Irish drugmaker Elan has agreed to sell the European rights to Prialt (ziconotide), its non-opioid severe chronic pain agent, to Japan’s Eisai, but will retain product rights in the USA.
Under the terms of the deal, Elan could receive up to $100 million in cash: $50 million on the closing of the transaction, which is expected by the end of this quarter; $10 million on the earlier of two years from closing or launches in key European markets; and an extra $40 million on the achievement of sales-related milestones in the region.
Commenting on the move, Kelly Martin, Elan’s President and Chief Executive Officer, said, "Prialt is a highly innovative, approved, intrathecal analgesic for patients suffering from severe chronic pain. Patient need in this area remains significant given that there have not been any meaningful therapeutic advances in this area for more than two decades. We are delighted that this transaction will enable Eisai to offer this new therapy to patients throughout Europe.”
Although Prialt is an important product to Elan, having been very much a lifeline to the firm when its troubles surrounding its multiple sclerosis drug Tysabri (natalizumab) kicked off, investors have always pinned their hopes on the latter drug as the main driver for future growth. But Tysabri was taken off the shelves last year after its use was linked to a rare brain infection, progressive multifocal leukoencephalopathy, which caused the deaths of a small number of patients.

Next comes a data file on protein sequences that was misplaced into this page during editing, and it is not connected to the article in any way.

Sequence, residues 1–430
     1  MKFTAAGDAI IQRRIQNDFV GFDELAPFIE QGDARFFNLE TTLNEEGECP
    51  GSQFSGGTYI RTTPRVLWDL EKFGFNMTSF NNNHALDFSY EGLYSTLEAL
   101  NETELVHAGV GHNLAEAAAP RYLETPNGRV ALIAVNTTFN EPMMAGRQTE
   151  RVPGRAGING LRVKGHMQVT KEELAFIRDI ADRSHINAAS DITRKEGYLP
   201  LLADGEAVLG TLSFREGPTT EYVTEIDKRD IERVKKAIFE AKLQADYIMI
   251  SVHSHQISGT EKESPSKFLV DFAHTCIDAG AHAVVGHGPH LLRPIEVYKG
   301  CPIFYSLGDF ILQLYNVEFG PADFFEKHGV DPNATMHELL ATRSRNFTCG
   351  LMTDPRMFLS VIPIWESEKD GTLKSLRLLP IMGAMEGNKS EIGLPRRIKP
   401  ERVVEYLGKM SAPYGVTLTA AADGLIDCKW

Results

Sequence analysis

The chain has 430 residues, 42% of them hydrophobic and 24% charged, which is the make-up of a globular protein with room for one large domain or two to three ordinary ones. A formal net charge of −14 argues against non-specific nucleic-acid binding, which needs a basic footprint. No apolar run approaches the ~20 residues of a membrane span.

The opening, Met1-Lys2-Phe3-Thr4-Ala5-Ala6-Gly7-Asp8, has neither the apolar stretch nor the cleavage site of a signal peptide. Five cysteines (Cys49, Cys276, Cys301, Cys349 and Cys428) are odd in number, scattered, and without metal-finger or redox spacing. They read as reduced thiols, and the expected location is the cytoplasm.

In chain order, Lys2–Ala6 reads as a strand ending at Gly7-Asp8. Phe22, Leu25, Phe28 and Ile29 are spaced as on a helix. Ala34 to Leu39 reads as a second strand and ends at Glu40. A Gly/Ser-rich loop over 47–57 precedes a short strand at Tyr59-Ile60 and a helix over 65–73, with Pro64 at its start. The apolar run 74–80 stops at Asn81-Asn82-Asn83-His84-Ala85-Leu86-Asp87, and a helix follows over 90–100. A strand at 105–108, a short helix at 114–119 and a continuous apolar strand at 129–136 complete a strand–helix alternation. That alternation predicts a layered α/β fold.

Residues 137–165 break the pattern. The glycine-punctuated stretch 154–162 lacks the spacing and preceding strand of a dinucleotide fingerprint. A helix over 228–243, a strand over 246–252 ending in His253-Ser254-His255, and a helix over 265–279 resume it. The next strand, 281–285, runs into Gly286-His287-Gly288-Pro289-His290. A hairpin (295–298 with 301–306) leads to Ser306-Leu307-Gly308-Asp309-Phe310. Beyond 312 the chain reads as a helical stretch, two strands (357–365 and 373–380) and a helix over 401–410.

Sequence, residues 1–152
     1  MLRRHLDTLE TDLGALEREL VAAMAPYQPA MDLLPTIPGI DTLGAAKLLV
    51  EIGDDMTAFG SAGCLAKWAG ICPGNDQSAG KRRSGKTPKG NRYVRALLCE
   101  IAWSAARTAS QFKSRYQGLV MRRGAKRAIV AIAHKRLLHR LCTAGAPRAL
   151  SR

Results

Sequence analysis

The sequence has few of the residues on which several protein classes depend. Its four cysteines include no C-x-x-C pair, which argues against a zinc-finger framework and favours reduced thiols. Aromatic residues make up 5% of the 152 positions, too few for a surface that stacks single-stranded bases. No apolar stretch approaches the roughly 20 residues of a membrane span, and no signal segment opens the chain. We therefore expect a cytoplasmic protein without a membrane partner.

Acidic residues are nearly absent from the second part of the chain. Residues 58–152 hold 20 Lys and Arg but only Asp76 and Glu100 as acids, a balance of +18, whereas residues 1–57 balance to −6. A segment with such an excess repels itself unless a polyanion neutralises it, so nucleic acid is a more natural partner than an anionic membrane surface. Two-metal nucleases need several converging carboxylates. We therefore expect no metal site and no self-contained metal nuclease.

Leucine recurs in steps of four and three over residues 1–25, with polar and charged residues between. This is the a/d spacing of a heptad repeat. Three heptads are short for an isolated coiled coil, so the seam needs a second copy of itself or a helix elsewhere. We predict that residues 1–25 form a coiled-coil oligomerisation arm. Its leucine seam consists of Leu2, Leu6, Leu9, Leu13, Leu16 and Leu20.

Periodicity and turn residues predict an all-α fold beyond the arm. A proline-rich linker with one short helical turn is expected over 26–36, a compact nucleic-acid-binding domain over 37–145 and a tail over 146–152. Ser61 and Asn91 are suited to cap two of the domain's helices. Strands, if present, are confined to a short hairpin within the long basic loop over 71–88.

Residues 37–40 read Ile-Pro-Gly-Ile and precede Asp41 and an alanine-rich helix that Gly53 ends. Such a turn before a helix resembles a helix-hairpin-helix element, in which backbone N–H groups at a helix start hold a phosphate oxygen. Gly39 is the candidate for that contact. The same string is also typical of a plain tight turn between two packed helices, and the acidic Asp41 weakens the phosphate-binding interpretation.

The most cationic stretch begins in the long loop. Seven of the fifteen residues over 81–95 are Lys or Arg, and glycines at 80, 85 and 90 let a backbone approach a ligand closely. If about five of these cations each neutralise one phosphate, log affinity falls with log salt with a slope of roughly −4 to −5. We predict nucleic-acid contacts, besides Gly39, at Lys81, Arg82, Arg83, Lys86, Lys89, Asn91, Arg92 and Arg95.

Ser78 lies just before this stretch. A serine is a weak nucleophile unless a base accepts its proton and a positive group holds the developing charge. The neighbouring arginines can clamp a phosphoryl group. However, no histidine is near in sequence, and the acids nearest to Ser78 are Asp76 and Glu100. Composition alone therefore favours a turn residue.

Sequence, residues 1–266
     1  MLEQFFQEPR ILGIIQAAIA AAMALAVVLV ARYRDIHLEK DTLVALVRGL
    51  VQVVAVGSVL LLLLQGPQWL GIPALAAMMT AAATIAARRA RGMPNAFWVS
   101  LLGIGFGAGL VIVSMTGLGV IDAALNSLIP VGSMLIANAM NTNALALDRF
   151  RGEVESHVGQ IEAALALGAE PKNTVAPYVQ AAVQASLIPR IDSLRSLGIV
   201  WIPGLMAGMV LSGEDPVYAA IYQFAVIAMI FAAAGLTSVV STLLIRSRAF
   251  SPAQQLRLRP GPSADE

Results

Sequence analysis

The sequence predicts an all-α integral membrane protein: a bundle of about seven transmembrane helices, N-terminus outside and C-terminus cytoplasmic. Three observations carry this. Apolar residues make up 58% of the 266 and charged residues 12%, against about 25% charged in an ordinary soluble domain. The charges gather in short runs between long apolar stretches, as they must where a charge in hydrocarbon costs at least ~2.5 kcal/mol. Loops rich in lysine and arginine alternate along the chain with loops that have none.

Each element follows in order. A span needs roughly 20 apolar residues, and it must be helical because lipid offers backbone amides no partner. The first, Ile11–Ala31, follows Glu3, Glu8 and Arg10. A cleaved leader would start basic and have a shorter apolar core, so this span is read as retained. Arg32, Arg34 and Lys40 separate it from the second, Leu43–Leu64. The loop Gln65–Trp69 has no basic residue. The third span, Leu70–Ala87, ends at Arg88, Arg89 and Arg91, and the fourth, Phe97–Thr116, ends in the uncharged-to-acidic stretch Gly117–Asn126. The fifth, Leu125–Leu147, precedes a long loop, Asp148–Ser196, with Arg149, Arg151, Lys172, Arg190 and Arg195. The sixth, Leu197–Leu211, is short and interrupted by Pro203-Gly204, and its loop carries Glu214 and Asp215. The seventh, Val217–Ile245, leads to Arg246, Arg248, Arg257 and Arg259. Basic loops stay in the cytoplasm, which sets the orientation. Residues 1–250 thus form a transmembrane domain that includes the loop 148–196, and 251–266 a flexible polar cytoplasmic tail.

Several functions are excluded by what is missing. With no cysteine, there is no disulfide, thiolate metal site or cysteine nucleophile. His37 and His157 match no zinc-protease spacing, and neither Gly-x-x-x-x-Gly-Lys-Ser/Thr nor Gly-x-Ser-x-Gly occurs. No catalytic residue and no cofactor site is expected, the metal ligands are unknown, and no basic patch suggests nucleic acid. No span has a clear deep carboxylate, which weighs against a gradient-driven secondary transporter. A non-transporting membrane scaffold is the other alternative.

However, since that time, Elan and its US partner Biogen Idec have gone to extraordinary lengths to uncover the true safety profile of Tysabri and, in October last year, it was given a clean bill of health when the companies found no further evidence of PML - either amongst multiple sclerosis patients, or in trials of the drug for rheumatoid arthritis or Crohn's disease.
The companies are still keeping their fingers crossed that the drug will make it back to market, after re-filing for approval both in the USA and Europe in autumn last year. A decision on approvability is expected from the FDA by the end of March after a priority review.